All four teams in Group E at Euro 2024 head into Matchday 3 tied on three points. Check out the best facts, stats and Opta data from this game with our Belgium vs Romania stats page.

In the lead-up to Euro 2024, there was a fair amount of talk as to whether the remaining remnants of Belgium’s golden generation could take what might just be their final chance to do something historic on the grandest stage.

Their 1-0 defeat to Slovakia on Matchday 1 had suggested this talented bunch would again go trophyless, but with players as exceptional as captain Kevin De Bruyne in tow, there will always be the chance that something great can happen.

The Manchester City playmaker was the best player on the pitch against Romania, running the game and scoring a second goal to wrap up a win that leaves Group E more open than any group has ever been in European Championship history. For the first time ever, all four teams in a Euros group head into the final matchday tied on three points apiece. It means all four teams can still finish in any position.

Typically, it’s hard to predict whether Belgium will finish first or last. But their response to defeat last week suggested there is plenty of life in this team yet.

When manager Domenico Tedesco dreamed up his gameplan for what was a must-win game, he surely could not have imagined it starting anything like as perfectly as this.

Belgium had toiled in front of goal against Slovakia. Yes, they had two goals disallowed, but the history books will forever show yet another blank by their name. That performance followed on from a 2022 World Cup in which they scored just one goal.

But after a run of 47 goalless shots at major tournaments, Youri Tielemans – one of four players brought in for this game – won the ball in midfield to start a move that he would then finish off with the first shot of the game after just 73 seconds. It was the third-fastest goal in European Championship history.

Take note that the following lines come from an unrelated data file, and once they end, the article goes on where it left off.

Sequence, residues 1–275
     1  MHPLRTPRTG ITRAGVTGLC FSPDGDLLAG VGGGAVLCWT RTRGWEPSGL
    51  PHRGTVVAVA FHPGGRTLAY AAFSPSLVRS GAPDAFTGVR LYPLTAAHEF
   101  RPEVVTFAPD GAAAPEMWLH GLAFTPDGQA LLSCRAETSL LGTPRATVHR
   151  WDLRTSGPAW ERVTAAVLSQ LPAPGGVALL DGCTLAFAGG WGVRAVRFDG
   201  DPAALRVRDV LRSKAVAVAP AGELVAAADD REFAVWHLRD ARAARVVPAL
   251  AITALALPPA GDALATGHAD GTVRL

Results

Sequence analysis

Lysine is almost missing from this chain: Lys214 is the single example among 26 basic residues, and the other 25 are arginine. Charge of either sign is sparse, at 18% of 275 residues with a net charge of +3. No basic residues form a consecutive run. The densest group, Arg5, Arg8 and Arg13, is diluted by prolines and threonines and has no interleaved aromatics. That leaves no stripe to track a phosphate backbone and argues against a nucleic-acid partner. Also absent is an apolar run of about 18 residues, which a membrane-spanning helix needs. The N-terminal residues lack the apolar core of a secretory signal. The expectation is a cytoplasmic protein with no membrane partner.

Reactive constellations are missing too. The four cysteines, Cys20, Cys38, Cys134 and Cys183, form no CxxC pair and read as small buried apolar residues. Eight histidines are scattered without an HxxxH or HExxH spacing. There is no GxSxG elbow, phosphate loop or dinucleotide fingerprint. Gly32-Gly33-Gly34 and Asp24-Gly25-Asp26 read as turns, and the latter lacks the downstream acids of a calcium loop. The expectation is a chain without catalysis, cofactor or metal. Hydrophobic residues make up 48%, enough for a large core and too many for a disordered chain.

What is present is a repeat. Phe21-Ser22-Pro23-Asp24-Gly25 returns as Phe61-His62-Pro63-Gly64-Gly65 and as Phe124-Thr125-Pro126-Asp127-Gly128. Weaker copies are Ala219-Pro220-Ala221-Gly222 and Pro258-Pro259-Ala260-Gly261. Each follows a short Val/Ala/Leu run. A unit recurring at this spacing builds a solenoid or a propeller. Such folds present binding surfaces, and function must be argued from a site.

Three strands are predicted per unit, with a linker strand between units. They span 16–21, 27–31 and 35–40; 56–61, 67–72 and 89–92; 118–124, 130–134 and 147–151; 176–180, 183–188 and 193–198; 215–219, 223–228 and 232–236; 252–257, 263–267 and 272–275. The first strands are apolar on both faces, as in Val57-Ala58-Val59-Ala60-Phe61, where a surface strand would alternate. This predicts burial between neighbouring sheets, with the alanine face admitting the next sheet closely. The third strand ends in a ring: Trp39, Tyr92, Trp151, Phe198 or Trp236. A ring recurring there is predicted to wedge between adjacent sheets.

Belgium 2-0 romania xg race

That goal completely altered the kind of game that would be played out in Cologne. In their first match, Romania had beaten Ukraine with just 29% of the ball – the lowest possession share by a victorious team on record at the Euros (since 1980) – and they would have had little reason to play differently against a Belgium side stacked with expensive attacking talent had the scores stayed level.

Instead, Romania had to go looking for an equaliser, and that opened the game up from a far earlier stage than they would have wanted. They forged a couple of decent openings, but for the rest of the first half it was actually more common to see a Romania attack leading to a dangerous Belgium counter than it was a chance for Edward Iordănescu’s side.

Belgium passed with more fluency and looked a more coherent outfit than they had in their last outing, with De Bruyne central to everything they did. Teammate Wout Fes was the only player from either side to have more touches (81) than him (68), while only Jérémy Doku (5) created more chances (3). Nobody on the pitch had more shots (5), more shots on target (3), made more tackles (4) or won more fouls (4) than the Belgium captain.

Kevin de Bruyne touches vs Romania

Even so, when it came to finishing off moves, Tedesco’s men were back to the profligate team we saw against Slovakia. They dominated possession and territory for long periods, and De Bruyne, Doku, Romelu Lukaku, and Dodi Lukébakio all had good opportunities they couldn’t take,

Romania had the chance to regroup at half-time, and they came out after the break looking up for the challenge of finding a way back into the game. The longer Belgium went on without finding that crucial second goal, the more it felt there might be a way back into the game for the underdogs.